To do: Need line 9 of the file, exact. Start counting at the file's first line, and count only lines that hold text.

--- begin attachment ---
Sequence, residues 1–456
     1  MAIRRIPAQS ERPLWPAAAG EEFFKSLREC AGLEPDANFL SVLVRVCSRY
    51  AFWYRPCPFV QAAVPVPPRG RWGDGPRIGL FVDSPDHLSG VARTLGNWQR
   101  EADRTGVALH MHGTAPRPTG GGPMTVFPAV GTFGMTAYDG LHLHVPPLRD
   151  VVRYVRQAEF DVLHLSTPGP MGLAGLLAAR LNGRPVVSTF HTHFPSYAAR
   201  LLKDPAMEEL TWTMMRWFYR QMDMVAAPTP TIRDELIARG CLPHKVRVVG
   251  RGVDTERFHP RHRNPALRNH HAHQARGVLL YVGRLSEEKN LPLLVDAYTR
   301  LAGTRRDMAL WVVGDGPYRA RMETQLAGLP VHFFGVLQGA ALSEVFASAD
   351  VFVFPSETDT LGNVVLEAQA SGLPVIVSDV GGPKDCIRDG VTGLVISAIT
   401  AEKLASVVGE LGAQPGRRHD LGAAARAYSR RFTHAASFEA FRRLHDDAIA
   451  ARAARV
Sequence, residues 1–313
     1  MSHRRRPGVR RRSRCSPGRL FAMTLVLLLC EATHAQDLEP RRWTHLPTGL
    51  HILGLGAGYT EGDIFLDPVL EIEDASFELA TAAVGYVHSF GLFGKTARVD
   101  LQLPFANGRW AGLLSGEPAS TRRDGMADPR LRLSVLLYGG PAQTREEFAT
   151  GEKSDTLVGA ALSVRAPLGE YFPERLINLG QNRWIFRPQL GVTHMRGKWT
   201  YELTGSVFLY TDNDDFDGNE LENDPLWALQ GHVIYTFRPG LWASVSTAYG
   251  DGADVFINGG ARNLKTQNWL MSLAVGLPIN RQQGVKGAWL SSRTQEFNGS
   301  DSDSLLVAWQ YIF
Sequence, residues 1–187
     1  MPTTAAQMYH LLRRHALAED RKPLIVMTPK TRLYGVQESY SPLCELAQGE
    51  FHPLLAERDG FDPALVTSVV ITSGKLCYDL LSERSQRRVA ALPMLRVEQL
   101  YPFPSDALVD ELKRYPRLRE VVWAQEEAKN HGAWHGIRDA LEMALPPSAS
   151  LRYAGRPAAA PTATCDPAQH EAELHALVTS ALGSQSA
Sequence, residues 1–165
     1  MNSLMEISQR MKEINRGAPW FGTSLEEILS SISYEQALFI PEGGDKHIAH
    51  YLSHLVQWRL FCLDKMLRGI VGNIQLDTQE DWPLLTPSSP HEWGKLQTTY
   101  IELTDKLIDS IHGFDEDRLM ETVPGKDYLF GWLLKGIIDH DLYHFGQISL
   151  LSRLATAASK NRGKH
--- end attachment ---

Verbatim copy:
   351  VFVFPSETDT LGNVVLEAQA SGLPVIVSDV GGPKDCIRDG VTGLVISAIT